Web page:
Efforts to improve handovers have looked to information technology (IT) solutions.35 38 41 56 These have mainly concentrated on the sign-out report. However, computerised tools should be designed to aid communication between doctors, during handover preparation, as well as the handover itself and subsequent activities. These electronic solutions are designed to improve the accuracy of information transfer, but do not take into consideration the behavioural aspects and, therefore, do not always assess all the functions of handover. In an interview study, Sharit et al36 found that some doctors believed that IT solutions for handover were adopted for the sake of employing new technology, without improving communication.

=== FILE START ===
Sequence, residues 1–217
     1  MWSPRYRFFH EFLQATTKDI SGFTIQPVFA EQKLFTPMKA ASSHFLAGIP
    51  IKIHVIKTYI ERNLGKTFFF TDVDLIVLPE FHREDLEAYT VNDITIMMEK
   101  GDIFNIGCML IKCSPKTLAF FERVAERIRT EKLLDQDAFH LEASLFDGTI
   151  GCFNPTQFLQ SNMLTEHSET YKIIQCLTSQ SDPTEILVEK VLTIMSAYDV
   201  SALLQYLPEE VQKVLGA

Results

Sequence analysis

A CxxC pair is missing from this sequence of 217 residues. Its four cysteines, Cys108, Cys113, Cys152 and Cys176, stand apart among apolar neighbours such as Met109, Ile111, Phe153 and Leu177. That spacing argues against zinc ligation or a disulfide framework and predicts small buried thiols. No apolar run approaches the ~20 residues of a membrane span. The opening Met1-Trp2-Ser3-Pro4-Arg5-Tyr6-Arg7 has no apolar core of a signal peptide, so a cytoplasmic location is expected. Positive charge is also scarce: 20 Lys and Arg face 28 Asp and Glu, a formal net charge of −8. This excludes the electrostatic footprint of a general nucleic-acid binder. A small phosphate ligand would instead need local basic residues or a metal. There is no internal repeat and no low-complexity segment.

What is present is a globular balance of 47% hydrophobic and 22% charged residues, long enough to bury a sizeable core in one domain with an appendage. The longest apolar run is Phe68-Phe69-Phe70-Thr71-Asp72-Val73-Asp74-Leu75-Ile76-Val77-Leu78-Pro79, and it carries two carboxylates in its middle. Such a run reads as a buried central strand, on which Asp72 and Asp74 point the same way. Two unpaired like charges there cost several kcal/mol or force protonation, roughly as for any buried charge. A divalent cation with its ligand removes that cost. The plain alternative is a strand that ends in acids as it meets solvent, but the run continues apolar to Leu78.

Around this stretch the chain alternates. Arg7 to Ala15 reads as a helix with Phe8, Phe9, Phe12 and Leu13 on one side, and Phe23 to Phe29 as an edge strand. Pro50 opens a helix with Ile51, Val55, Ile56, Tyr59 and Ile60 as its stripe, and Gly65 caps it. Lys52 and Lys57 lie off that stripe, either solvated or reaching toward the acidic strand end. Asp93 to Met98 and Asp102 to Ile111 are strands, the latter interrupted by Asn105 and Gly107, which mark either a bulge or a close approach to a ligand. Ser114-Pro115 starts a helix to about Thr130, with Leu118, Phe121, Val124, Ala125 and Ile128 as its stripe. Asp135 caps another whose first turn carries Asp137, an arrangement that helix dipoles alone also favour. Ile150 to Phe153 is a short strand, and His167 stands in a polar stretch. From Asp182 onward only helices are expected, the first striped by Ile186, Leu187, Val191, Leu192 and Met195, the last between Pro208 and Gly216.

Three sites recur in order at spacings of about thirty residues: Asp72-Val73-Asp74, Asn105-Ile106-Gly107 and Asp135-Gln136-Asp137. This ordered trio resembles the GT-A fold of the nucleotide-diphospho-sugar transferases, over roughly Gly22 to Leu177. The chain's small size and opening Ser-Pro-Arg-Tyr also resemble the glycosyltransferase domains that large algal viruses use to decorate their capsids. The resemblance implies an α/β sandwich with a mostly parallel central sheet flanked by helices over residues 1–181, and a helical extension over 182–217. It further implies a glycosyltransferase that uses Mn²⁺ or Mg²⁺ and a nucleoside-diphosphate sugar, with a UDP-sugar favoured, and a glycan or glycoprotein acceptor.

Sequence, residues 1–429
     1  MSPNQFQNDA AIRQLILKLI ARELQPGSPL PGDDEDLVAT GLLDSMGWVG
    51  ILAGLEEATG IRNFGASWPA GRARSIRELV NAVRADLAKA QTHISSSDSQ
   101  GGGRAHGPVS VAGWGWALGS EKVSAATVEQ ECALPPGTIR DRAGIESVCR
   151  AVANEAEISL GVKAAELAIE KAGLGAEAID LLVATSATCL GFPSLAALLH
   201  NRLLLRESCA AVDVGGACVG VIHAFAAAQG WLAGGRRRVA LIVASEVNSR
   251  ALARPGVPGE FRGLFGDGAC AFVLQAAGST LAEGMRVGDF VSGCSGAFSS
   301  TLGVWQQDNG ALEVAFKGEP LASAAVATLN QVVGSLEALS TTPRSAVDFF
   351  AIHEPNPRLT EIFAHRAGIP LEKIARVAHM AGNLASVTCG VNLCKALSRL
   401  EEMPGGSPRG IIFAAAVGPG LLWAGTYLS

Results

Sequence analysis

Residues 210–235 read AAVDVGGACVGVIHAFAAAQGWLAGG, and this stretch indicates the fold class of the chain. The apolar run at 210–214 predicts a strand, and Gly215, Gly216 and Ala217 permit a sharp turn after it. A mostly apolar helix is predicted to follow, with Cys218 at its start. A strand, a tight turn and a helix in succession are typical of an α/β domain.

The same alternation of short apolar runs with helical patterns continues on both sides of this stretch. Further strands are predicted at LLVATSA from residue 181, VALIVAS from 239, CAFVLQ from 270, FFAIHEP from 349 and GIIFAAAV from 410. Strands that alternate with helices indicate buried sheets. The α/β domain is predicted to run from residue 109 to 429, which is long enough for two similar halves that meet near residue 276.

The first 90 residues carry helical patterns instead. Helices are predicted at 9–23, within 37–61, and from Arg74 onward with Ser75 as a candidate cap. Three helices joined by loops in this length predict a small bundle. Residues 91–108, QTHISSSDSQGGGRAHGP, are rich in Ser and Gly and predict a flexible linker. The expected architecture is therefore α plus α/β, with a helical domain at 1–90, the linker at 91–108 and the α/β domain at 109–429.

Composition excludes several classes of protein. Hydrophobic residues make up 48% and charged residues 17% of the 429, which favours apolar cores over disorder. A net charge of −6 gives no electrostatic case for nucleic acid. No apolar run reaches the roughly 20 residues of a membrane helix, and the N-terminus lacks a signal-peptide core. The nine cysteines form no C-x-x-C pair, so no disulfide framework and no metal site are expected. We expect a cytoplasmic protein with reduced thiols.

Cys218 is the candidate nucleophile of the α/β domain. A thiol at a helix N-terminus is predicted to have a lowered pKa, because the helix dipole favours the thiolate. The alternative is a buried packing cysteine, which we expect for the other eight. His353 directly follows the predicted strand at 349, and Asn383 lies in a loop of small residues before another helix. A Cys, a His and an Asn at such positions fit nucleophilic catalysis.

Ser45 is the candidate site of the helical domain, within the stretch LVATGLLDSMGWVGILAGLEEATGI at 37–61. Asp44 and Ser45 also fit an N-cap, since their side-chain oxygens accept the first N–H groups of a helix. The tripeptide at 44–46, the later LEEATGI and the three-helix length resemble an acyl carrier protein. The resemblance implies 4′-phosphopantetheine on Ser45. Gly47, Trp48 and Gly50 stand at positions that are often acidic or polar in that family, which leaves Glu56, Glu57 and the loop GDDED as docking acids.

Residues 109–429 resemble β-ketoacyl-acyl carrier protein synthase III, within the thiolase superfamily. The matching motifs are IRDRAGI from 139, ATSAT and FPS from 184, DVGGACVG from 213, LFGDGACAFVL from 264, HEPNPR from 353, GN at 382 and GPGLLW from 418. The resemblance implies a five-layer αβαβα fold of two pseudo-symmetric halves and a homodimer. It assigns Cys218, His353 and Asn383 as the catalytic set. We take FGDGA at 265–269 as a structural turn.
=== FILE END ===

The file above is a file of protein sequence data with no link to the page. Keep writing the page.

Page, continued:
This review highlights the pervasive problem of poor information management and communication during, or in preparation for handover which can create a high-risk situation for error.3 A better understanding of types and causes of communication failures would inform risk-management practices. The reviewed studies suggest that well-designed tools to aid preparation of key information and communication at handover are needed. However, caution is required in adopting IT solutions that do not consider the interpersonal functions of handover.